…. the march of goodness…

Not only do these minds of ours expand life in ideal directions and go beyond what is, but at their best these ideals of ours correlate and correspond with some sort of objective reality. They advance truth. They set forward the march of goodness. Through cooperation with God, they build a new stage of the Kingdom of God in the world. We are in that respect not dreamers; we are builders. We exercise a dominion over events. We carry the ball on toward the goal. Something not ourselves co-works with us, as the currents of the ocean co-work with the mariner who is traveling in their direction. Something more than our finite will pushes behind our effort. Something large and luminous backs our deeds. When we are on right lines of advance doors open before us. We find ourselves in cooperative union with a larger Mind and a wiser Will…..

Rufus Jones (1863-1948) wrote these words over 70 years ago, well before the Second Vatican Council with comparable imagery exhorted “men of good will” to open themselves to the promptings of the Holy Spirit in order to advance the welfare of humanity. An internationally recognized writer on spiritual matters, Professor Jones (Haverford College) was a leading member of the  Religious Society of Friends (Quakers), a pacifist and social activist, and a philosopher of great renown. His name and writings were familiar to my siblings and me because our father had the privilege of being one of Professor Jones’ students.

One of the “fruits” of Professor Jones’ religious conviction was his co-founding in 1917 of the American Society of Friends, (www.afsc.org)  an organization committed to peace, social justice and humanitarian service and based on the belief in the worth of every person and the conviction that love can overcome violence and injustice.

Another 20th century philosopher who fortunately is still with us is Father George F. McLean, OMI, professor emeritus of philosophy and religion at the Catholic University of America. Father McLean exhibits the same conviction that Rufus Jones had that the powerful indwelling of the Holy Spirit  guides men and women willing to discern truth to a deeper and more universally shared understanding. The Council for Research in Values and Philosophy (www.crvp.org) which was established by Father McLean three decades ago comprehends that cultural traditions are the place where the Holy Spirit dwells in the hearts of people and so draws upon these traditions to relate them to contemporary problems.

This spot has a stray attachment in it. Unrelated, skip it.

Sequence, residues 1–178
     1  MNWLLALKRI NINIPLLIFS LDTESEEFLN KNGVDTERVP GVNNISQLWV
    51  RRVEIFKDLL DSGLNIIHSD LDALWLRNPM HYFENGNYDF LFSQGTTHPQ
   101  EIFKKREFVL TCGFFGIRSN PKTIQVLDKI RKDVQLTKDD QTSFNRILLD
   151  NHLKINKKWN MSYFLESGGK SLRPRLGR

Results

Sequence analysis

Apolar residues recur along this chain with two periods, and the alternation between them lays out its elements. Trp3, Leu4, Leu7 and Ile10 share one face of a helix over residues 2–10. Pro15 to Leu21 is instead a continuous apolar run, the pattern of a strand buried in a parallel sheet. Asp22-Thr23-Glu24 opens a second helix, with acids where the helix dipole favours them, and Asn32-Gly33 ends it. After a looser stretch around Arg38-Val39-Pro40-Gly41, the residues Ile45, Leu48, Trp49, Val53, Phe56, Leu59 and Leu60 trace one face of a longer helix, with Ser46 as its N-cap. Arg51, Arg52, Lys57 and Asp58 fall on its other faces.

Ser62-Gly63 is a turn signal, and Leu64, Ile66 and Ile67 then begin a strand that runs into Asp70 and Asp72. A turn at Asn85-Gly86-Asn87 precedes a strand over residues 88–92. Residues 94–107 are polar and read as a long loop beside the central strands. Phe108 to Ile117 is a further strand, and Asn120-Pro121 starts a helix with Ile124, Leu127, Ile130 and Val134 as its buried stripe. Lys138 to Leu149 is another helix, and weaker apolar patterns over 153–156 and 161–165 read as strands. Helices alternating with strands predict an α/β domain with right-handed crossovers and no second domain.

The Research Council is now working with academies and universities in China to promote knowlege of the Gospel message. It understands, as did Matteo Ricci – the 16th century Jesuit who labored so promisingly in the Chinese vineyard – that the content of the Gospel needs to be expressed in a way that corresponds to the culture of the people and hence their ability to appreciate and live it. Ricci’s efforts at evangelizing were frustrated because the Vatican authorities, having been led to believe that his accommodations for the local culture had gone too far, outlawed his approach. Consequently, the faith did not flourish as it might otherwise have done. Today, happily, there is a consensus as to the correctness of Ricci’s missionary vision.

The profound awareness that Matteo Ricci, Rufus Jones and George McLean have of – as the Quakers say – “that of God” in every human being is possessed by many. It is the nourishment that sustains those who, responding to the promptings of the Spirit, ‘carry the ball forward’ to advance the Kingdom.

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1 Comment

  1. Having been reminded of the long-term effects of devastating violence with the commemoration of the tenth anniversary of the terrorists attacks of 9/11/01, we need to be reminded of our capacity to overcome evil with good. Dana Robinson eloquently identifies the work of three individuals who recognized the power of understanding, respectful communication, and faithful living of the Gospel values in achieving peace. Let us learn from past successes and failures as we respond “to the promptings of the Spirit.”

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